A Composers’ Union: The Time Is Now

By • November 5, 2009

I’m very excited by the news that a new organization, The Association of Media Composers and Lyricists (AMCL), has been working for four years to build a relationship with the Teamsters with the goal of organizing and creating a union for composers. The steering committee for this organizing group, made up of Alan Elliott, Alf Clausen, Bruce Broughton and Jim DiPasquale includes some very experienced and respected people who understand the challenges composers face in today’s marketplace. I strongly urge anyone who can make it to RSVP for the November 16 informational meeting in Burbank, and please send your questions with your RSVP – the organizers promise all questions will be answered.

Creating a composers’ union is not an easy task – some have compared it to herding cats, and others will say that trade unions are an outdated concept. But unions in the film and television industry clearly are the strongest and most respected groups, and composers desperately need and deserve industrial representation. This group and their work so far represents the best possibility I’ve seen for creating strong representation for film and television composers.

The choice of the Teamsters is a smart move – the Teamsters are a powerful organization that is well-respected in Hollywood and familiar with the challenges of organizing independent businesspeople like composers. After looking at their website, I also have to applaud the AMCL on their focus on the art and craft of composing – these days, painfully few entities within our industry focus on the actual quality of the music we’re hired to create, but this new union clearly is making that a priority.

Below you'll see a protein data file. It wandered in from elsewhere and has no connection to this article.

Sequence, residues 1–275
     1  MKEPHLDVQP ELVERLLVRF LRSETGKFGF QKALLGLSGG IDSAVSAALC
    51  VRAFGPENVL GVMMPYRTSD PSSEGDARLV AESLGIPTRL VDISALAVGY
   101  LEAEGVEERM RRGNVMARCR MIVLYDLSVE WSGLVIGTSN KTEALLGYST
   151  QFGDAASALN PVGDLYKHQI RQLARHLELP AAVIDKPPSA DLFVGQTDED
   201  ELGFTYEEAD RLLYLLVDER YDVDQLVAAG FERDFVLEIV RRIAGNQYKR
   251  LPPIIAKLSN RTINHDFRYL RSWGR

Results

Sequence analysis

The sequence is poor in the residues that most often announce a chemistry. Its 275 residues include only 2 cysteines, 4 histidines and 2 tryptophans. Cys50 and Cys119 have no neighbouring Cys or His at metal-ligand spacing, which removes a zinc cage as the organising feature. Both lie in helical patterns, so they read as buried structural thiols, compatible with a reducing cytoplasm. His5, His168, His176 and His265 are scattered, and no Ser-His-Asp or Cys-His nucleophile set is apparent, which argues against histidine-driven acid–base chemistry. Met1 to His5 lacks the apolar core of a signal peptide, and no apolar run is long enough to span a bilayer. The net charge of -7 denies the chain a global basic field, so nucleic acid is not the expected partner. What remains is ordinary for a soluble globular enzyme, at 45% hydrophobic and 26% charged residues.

Certainly there are challenges – how do you establish wage scales for package deals where the composer’s pay and own expenses may be hard to estimate? Will composers need to become employees of the production companies under union agreements, and if so, what if any ramifications will there be on work-for-hire clauses, benefits (such as unemployment, etc) and what kind of retirement and health insurance options can be created for composers and their families? All important questions.

But despite the challenges, I believe that we as an industry should strongly support the current unionization efforts by the AMCL, especially in view of the rapid decline in compensation and deal terms for composers we’ve seen over the last 15 years. As an industry, we’ve been “divided and conquered” so many times, in so many different ways, that the viability, both artistically and financially, of being a professional composer now is in question. We have become an industry of mercenaries, and I for one am sick of watching desperate people do desperate things simply to push ahead of the next guy and get a gig at all costs. The constant undercutting and lowballing of composer fees has eroded these to zero on some jobs, further reducing the value and respect of our art, our copyrights, and our industry. As an example, here’s the compensation portion of an ad I saw recently published by a filmmaker doing a short film: